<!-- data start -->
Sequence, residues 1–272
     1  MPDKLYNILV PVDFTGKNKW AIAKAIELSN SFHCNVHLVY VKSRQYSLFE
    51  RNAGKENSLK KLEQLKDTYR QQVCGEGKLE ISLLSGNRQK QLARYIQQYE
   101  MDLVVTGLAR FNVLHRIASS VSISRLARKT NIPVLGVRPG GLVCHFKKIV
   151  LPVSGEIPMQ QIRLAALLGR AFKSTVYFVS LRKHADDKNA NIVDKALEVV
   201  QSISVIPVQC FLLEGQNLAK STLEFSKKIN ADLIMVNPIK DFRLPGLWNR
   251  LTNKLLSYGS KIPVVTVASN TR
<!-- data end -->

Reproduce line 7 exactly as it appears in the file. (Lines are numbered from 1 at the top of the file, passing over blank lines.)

   251  LTNKLLSYGS KIPVVTVASN TR